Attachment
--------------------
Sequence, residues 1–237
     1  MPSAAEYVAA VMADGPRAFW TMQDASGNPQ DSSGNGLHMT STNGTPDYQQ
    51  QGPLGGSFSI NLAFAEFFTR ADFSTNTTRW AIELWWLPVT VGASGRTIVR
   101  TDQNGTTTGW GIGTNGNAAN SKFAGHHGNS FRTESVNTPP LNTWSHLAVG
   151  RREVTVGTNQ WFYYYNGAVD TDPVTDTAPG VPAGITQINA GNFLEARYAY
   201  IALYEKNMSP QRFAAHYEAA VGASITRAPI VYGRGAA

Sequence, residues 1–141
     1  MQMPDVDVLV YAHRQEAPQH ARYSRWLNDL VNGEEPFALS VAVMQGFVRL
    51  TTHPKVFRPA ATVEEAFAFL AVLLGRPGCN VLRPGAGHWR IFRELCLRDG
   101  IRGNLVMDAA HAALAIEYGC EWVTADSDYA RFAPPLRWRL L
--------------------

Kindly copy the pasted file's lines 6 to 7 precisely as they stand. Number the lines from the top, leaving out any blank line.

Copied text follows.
   201  IALYEKNMSP QRFAAHYEAA VGASITRAPI VYGRGAA

Sequence, residues 1–141